Ewing Bemiss & Co. joins local KPMG office

Ewing Bemiss & Co., a Richmond-based middle-market investment bank, has joined the local office of global accounting firm KPMG LLP’s corporate finance subsidiary.

KPMG Corporate Finance LLC announced Tuesday it has “added a team” of professionals from Ewing Bemiss to work in its Richmond office and build the company’s business in the energy, power and utilities sectors.

“It is, effectively, an acquisition of our Richmond investment banking practice,” said Tom Willingham, managing director of Turning Basin Capital Partners LLC, which is Ewing Bemiss & Co.’s private equity group affiliate.

While effectively an acquisition, the deal is not technically structured as one, Willingham said.

Rather, KPMG Corporate Finance has hired the seven investment banking professionals from Ewing Bemiss to work in KPMG’s Richmond office, including Ewing Bemiss Managing Director Henry Berling.

Financial terms of the deal were not disclosed.

Turning Basin is not part of the transaction. Willingham, a managing director at Turning Basin and Ewing Bemiss, will remain with Turning Basin and devote himself full time to that business.

Turning Basin is a private equity fund started by Ewing Bemiss in 2013 to invest in the energy sector, in projects such as oil and gas exploration and renewable energy technologies.

Ewing Bemiss, founded in 1992, provides transaction advisory services to companies in the energy, power and utilities sectors.

“The professionals joining us from Ewing will be able to hit the ground running as we field an experienced and complete investment banking team in pursuit of new opportunities within the energy sector,” Phil Isom, head of KPMG Corporate Finance LLC, said in a statement.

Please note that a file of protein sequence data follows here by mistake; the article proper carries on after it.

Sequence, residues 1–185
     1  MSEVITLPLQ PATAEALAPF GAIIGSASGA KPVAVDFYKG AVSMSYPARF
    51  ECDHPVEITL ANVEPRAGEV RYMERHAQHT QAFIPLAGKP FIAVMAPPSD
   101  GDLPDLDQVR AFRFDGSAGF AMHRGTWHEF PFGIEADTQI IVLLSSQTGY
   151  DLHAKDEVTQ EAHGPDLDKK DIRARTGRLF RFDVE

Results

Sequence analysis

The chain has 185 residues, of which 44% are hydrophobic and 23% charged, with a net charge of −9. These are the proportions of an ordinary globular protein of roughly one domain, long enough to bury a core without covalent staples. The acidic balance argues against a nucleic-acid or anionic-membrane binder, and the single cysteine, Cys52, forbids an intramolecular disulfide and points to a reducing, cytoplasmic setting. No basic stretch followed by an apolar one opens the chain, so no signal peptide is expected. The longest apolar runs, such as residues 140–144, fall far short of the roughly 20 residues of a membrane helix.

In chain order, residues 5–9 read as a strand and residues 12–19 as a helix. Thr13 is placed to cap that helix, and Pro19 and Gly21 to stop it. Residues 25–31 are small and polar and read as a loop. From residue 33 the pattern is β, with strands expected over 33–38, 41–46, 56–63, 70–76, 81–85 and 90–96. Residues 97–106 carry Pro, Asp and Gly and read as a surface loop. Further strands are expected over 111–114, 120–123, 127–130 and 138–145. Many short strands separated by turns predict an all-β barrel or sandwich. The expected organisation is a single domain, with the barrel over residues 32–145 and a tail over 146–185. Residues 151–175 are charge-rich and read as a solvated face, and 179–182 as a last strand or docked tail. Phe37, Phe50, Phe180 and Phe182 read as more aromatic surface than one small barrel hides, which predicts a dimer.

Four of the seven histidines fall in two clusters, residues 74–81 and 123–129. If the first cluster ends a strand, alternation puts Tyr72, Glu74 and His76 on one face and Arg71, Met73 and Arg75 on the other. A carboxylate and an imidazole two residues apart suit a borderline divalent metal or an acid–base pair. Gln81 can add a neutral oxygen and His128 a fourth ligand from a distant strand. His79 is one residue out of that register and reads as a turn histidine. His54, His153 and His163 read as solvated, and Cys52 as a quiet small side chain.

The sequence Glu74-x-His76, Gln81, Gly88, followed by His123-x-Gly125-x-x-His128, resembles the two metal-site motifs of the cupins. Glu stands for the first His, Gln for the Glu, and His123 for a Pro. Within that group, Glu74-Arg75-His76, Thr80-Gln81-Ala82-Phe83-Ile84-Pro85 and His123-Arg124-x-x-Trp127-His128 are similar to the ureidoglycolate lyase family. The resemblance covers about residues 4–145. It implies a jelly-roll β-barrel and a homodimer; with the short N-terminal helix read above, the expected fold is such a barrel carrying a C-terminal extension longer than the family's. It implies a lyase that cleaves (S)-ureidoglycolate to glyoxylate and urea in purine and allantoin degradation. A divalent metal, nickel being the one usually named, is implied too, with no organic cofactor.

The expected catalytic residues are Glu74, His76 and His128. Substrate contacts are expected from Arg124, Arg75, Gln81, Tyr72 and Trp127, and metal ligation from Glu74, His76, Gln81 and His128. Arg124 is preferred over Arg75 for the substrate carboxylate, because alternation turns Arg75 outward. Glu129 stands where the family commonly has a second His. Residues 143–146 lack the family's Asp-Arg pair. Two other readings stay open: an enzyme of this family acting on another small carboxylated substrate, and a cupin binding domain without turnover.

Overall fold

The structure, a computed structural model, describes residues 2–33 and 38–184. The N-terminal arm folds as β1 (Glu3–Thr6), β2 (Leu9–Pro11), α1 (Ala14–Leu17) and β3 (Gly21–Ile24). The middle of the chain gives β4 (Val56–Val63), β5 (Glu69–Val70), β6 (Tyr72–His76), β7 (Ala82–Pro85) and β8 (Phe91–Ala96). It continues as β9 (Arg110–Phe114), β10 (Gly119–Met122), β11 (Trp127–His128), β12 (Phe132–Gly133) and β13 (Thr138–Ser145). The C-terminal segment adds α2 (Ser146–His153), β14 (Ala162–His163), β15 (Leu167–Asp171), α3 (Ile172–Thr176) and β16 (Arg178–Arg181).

Turning Basin will retain a small staff and continue to seek investment opportunities in the energy sector.

In 2014, Turning Basin made its first acquisition, buying Salem, W.Va.-based ProActive Services LLC, an energy services company that focuses on the maintenance and operation of midstream oil and gas assets in the Appalachian Basin.

That business “has grown handsomely even in light of the commodity market,” said Mark Murray, managing director at Turning Basin.

The firm put two other potential acquisitions on hold last year because of volatility in the oil market. “We still like those businesses, but we decided for our investor group that it would not be prudent to close on those deals,” Murray said.

However, Murray and Willingham said Turning Basin remains bullish on the long-term outlook for the energy sector, and the firm expects to close on another acquisition soon.

Willingham said he and Henry Berling had been devoting time to both Ewing Bemiss and Turning Basin, but they decided that it would be better for both ventures if they each focused their energies on one.

They also came to the conclusion that they had taken Ewing Bemiss as far as they could through their ownership, he said. “We have built a firm that has a strong national reputation in certain areas of the energy sector.”

The deal, “provides a platform to really grow and continue to build the business in what is becoming a more challenging and competitive investment banking environment,” he said.

Berling was out of town and could not be reached for comment on Tuesday.

In a statement, Berling said the Ewing Bemiss team is happy to join the “rapidly growing” KPMG corporate finance group.

“Having worked at KPMG early in my career, I understand the dedication to client service and strong work ethic expected by their corporate culture,” he said. “I’m confident that the Ewing team will fit in well and make a meaningful contribution to the team.”

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